He suggests using a compress to dab the tea across your burn, or run a bath and pour the pitcher of tea into the tub to soak in.
Baking soda can have a similar soothing effect on sunburns. “It helps balance the pH of your skin to promote healing and soothe your skin,” Rex says.
Add a cup of baking soda to a cool or lukewarm bath and soak for 20 to 30 minutes, Rex says, or apply a paste of baking soda and water to clean skin with a cotton ball. Let it sit for up to 10 minutes before rinsing with cool water.
Like tea, white wine vinegar is acidic and can be used to soothe a sunburn naturally, Pollock says. (It just has a stronger smell.) In addition, Rex recommends using apple cider vinegar as a sunburn-treating solution.
“Mix equal portions of water and apple cider vinegar in a spray bottle and spray on skin,” she says. “I also recommend adding lavender essential oil; not only will it mask the vinegar smell, but lavender is also great for soothing burns and speeding up the healing process. You can also add a cup of vinegar to a warm (not hot) bath and soak.”
The acidic nature of yogurt is close to that of our skin and can help promote natural healing, Pollock says.
In addition, Rex says that the probiotics in yogurt help moisturize and reduce pain. “Make sure you find a plain, full-fat version, then apply to the skin, wait 10 minutes and rinse off in the shower.”
Hydrating Foods and Beverages
One of the most important things you can do to help heal a sunburn is to stay hydrated, Wolf says. Drink plenty of water, and even consider adding a scoop of electrolyte powder to your water bottle to maintain hydration, he says.
You can also consider trying certain foods to help ease your pain. “Snack on foods that are high in vitamin C, like oranges and watermelon, to promote healing,” Rex adds. “As an added bonus, they also help keep you hydrated.”
Though trends in the world of health and beauty might come and go pretty fast, there are some products that can withstand the tests of time. Castor oil, for example, has been used for so long that there is a ton of anecdotal evidence suggesting Egyptian ruler Cleopatra regularly relied on the oil to keep her skin and face fresh (1). Whether you’re presiding over an entire nation or you’re simply looking to get rid of some acne before a date, castor oil might be a great fit.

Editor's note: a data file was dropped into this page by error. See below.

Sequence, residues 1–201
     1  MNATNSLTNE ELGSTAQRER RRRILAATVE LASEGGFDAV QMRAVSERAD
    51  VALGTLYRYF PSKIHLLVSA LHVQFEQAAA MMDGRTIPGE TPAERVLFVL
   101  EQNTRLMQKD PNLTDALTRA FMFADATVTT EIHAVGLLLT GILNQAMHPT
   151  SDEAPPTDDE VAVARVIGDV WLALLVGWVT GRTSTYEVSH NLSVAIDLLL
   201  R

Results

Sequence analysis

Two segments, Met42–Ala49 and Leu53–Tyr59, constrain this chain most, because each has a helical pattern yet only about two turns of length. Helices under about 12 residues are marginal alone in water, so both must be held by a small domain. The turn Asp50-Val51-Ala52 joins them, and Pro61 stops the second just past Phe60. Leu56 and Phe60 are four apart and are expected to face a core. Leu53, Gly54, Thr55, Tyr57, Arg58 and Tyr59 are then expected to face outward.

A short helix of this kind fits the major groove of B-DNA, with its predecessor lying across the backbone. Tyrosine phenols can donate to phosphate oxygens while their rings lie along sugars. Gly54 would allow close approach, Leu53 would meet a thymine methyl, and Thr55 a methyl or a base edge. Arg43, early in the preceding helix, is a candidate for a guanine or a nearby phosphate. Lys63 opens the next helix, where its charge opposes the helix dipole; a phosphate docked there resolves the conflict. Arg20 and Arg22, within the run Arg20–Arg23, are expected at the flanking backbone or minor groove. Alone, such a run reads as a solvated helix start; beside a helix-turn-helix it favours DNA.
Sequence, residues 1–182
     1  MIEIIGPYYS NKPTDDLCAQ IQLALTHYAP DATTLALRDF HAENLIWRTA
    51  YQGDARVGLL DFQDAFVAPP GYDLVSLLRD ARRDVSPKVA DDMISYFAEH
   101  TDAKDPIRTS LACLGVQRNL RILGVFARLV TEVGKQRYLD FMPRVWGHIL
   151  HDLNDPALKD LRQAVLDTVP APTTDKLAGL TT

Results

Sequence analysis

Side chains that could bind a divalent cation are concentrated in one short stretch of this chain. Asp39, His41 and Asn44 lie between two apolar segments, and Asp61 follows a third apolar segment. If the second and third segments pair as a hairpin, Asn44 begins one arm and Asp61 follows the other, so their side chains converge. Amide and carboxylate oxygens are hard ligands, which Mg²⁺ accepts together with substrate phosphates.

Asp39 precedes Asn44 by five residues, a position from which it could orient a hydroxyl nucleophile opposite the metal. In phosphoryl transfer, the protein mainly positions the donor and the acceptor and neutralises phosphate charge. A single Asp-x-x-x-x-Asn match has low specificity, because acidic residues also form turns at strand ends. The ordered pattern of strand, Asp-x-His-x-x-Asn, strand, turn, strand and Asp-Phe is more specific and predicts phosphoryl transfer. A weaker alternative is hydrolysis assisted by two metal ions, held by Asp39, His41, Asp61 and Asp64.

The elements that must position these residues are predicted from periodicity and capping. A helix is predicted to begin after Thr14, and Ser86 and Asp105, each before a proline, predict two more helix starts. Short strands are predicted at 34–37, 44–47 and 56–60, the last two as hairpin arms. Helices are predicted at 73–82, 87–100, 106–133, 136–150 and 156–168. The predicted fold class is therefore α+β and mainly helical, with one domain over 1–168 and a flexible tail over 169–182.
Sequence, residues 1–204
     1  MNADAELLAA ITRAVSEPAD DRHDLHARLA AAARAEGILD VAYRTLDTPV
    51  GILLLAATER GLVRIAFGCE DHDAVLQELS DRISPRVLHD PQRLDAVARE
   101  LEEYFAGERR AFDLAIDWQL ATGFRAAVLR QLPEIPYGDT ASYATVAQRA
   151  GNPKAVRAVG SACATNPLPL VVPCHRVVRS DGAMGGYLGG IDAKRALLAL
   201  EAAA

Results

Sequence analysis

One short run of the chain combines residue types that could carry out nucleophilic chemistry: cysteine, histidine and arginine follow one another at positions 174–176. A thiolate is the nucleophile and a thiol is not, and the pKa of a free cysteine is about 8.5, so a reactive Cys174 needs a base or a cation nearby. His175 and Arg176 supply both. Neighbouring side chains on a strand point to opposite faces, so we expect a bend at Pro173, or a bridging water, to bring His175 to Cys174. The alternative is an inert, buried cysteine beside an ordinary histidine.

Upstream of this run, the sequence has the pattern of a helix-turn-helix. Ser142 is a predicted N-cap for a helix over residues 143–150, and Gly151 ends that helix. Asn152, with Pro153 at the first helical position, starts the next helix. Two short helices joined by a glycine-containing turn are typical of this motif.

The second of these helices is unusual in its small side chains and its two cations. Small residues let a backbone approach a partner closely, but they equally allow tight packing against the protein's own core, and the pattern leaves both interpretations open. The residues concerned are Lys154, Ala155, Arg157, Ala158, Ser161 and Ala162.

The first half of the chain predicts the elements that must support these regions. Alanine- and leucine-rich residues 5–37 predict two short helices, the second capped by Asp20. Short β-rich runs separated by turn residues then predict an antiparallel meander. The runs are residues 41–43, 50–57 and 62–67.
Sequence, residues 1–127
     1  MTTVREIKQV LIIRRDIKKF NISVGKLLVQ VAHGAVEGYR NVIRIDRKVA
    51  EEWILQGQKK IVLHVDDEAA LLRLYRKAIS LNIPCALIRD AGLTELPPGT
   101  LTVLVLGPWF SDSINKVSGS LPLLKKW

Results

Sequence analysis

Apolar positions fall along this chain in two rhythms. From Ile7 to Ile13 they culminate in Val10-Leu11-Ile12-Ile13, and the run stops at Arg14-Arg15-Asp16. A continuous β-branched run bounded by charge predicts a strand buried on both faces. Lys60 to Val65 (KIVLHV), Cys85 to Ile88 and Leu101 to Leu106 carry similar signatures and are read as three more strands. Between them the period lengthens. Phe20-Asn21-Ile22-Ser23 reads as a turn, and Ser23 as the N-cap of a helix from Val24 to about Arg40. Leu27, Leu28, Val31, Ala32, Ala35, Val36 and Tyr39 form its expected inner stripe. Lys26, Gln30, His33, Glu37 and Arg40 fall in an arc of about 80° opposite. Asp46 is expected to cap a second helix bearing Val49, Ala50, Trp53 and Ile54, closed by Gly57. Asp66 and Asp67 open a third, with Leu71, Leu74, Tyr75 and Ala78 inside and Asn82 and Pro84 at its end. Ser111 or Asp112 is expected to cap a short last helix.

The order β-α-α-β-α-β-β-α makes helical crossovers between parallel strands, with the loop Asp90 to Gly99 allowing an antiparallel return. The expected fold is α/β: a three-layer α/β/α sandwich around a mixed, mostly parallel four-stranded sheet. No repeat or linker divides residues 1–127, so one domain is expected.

Take a look at some of the exciting ways you can incorporate castor oil into your daily routine. The more you learn about its benefits, the easier it will be for you to grab yourself a bottle and see for yourself.
1. Heal Your Skin
To begin, let’s look at the example of Cleopatra. In order to keep her face moisturized and protected against the harsh climates of Ancient Egypt, the ruler was said to have used castor oil regularly. There is a lot of scientific evidence to suggest that this would have been a very sensible move for anyone living in this region at the time. The fatty acids found in castor oil can do wonders for dry, irritated skin (2). The fatty acids keep the skin moisturized while simultaneously helping to heal any wounds or abrasions on the skin’s surface.
Several studies also suggest that castor oil can help to reduce inflammation of the skin. By using castor oil on your face, you might be able to reduce the odds of an acne breakout by reducing inflammation and encouraging healthy skin cell growth (3). For best results, rub a small amount of castor oil on your face before you go to bed. You can wash it off right away or leave it on until the morning. Some health experts suggest using a warm cloth to open the pores on your face before applying castor oil to see the best results.
2. Protect Your Hair
Your hair can also benefit from a bit of castor oil. As with your skin, the fatty acids found in this oil can help to keep your hair hydrated. These same fats reinforce hair follicles, making it far less likely you’re going to see breakage or feel like your locks are in an unhealthy place (4). You can also expect your scalp to benefit from using a bit of castor oil when you wash your hair. Some studies have suggested that you can lower the odds of developing dandruff by using a little of this oil (5).
The best way to use castor oil on your hair is as a conditioner. After washing, apply a small amount of the oil on your hair and vigorously rub it in. Start with warm water and slowly switch to a cold rinse. The colder water at the end helps to lock the oil into your hair. For best results, be sure to condition in this fashion two or three times a week.
3. Ease Stomach Troubles
Castor oil is also useful by the spoonful as a laxative. No matter how much time you dedicate to cultivating a healthy diet, there are plenty of surprises that can come along. When you find yourself feeling constipated, it can make you feel terrible and prevent you from going about your routine with the same vigor. Castor oil is perfect in this situation. The oil itself is a fantastic natural laxative, helping to encourage muscle movement in the intestines (6).
While there is a ton of evidence out there suggesting that castor oil can relieve constipation, there are also some drawbacks to stay mindful of. Using castor oil might actually be too much of a good thing when unblocking your system and cause diarrhea. If you go from being backed up to being in the bathroom every five minutes, you might want to reduce how much castor oil you’re using or try another method.
4. Dental Health
You might not like hearing it, but your mouth is swarming with bacteria (7). For the most part, the germs that lurk in the mouth are safe. Some simply exist on the tongue and teeth to encourage healthy digestion. Of course, you also want to get rid of most of this bacteria when you brush. Some substances that grow in the mouth can lead to serious dental issues like plaque. By swishing some castor oil around in your mouth before brushing, you can clear our some of this bacteria in an effective manner (8).